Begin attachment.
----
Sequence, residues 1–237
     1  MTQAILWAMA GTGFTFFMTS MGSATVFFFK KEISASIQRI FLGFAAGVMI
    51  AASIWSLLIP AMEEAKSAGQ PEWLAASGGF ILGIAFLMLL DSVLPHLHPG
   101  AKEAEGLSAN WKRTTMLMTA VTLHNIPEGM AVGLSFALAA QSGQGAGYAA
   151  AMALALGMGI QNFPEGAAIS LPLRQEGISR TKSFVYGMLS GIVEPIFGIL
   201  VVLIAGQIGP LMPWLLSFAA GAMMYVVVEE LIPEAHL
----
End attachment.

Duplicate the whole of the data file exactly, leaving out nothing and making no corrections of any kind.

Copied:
Sequence, residues 1–237
     1  MTQAILWAMA GTGFTFFMTS MGSATVFFFK KEISASIQRI FLGFAAGVMI
    51  AASIWSLLIP AMEEAKSAGQ PEWLAASGGF ILGIAFLMLL DSVLPHLHPG
   101  AKEAEGLSAN WKRTTMLMTA VTLHNIPEGM AVGLSFALAA QSGQGAGYAA
   151  AMALALGMGI QNFPEGAAIS LPLRQEGISR TKSFVYGMLS GIVEPIFGIL
   201  VVLIAGQIGP LMPWLLSFAA GAMMYVVVEE LIPEAHL